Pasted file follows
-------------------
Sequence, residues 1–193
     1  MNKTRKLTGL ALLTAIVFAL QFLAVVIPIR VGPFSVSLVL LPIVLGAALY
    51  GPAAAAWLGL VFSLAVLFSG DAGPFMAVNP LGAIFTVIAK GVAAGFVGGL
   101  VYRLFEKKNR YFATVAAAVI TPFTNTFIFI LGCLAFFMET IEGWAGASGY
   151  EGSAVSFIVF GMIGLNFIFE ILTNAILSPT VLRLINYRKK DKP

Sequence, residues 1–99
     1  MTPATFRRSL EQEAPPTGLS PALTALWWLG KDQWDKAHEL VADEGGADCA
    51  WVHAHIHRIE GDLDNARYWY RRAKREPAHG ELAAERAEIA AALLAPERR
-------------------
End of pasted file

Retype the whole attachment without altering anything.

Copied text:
Sequence, residues 1–193
     1  MNKTRKLTGL ALLTAIVFAL QFLAVVIPIR VGPFSVSLVL LPIVLGAALY
    51  GPAAAAWLGL VFSLAVLFSG DAGPFMAVNP LGAIFTVIAK GVAAGFVGGL
   101  VYRLFEKKNR YFATVAAAVI TPFTNTFIFI LGCLAFFMET IEGWAGASGY
   151  EGSAVSFIVF GMIGLNFIFE ILTNAILSPT VLRLINYRKK DKP

Sequence, residues 1–99
     1  MTPATFRRSL EQEAPPTGLS PALTALWWLG KDQWDKAHEL VADEGGADCA
    51  WVHAHIHRIE GDLDNARYWY RRAKREPAHG ELAAERAEIA AALLAPERR